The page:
Hilton v. Hallmark Presents Interesting Free Speech Questions
In September, Hallmark Cards requested an en banc hearing of the Ninth Circuit to review its decision affirming the district court’s denial of Hallmark’s anti-SLAPP motion to dismiss a lawsuit against it by Paris Hilton.
Hilton brought suit against Hallmark in 2007 for a greeting card that pictured Hilton uttering her famous, and trademarked, phrase, “That’s hot.” She alleged trademark infringement, violation of the common law right of publicity, and infringement of privacy. Hallmark brought a motion to strike the state claims under California’s anti-SLAPP law, arguing that the greeting card is protected speech under the statute. Hilton argued in turn that she had asserted merited claims, and so the anti-SLAPP motion must be denied.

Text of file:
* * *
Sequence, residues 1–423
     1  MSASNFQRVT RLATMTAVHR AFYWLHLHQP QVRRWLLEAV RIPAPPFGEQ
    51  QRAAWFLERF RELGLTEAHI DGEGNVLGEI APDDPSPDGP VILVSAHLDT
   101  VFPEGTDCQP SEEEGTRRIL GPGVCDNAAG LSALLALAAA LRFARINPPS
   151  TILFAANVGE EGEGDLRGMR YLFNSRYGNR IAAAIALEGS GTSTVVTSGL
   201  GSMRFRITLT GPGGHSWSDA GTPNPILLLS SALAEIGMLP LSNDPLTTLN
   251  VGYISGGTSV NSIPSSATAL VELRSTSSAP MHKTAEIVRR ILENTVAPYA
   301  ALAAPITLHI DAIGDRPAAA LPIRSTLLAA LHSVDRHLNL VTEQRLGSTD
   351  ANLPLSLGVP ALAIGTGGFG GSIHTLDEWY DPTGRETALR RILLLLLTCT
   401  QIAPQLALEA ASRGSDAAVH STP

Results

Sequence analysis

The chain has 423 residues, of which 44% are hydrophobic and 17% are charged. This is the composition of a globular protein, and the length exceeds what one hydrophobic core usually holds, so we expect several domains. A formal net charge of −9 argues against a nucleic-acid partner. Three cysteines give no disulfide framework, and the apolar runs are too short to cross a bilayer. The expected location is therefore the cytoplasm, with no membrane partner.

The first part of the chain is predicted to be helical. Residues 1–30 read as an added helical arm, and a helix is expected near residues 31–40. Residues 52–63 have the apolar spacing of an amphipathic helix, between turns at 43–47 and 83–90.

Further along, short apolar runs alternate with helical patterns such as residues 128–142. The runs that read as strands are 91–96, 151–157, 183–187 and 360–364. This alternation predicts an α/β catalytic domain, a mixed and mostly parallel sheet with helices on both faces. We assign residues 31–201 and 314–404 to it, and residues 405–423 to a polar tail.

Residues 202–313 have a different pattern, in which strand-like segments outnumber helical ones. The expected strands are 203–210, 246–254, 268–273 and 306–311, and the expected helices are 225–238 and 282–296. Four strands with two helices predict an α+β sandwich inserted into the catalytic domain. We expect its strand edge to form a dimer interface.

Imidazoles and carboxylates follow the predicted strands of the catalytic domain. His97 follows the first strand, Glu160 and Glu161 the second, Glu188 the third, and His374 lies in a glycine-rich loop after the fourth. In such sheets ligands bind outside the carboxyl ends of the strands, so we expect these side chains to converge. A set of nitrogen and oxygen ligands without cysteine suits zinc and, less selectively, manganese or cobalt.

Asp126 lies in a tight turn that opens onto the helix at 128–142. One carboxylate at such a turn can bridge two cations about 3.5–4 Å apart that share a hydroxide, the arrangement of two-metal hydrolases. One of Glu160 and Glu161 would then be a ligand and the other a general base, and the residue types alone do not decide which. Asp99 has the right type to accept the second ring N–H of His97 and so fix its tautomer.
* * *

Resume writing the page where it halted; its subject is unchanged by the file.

Judge O’Scannlain affirmed the district court’s denial of Hallmark’s anti-SLAPP motion. The court found that, while Hallmark had satisfied its burden of showing that the lawsuit arose from Hallmark’s protected free speech in connection with an issue of public interest, Hilton had met her burden in establishing that her suit has a limited level of merit, and so denied the anti-SLAPP motion, allowing the suit to proceed.
Hallmark is now appealing the denial by petitioning for an en banc review of the decision. Hallmark argues that the greeting card is unquestionably transformative fair use under U.S. trademark laws, and therefore that Hilton cannot have shown the merit needed to survive the anti-SLAPP motion.
The suit has raised questions of whether Hallmarks’s greeting card-speech should give rise to an anti-SLAPP motion, and has also raised important questions of what constitutes protected speech. Hallmark’s attorneys have indicated a willingness to take the case to the U.S. Supreme Court if necessary, and said that the current ruling flies in the face of Ninth Circuit Judge Alex Kozinski’s concern that courts too frequently prevent celebrities from being “mocked.”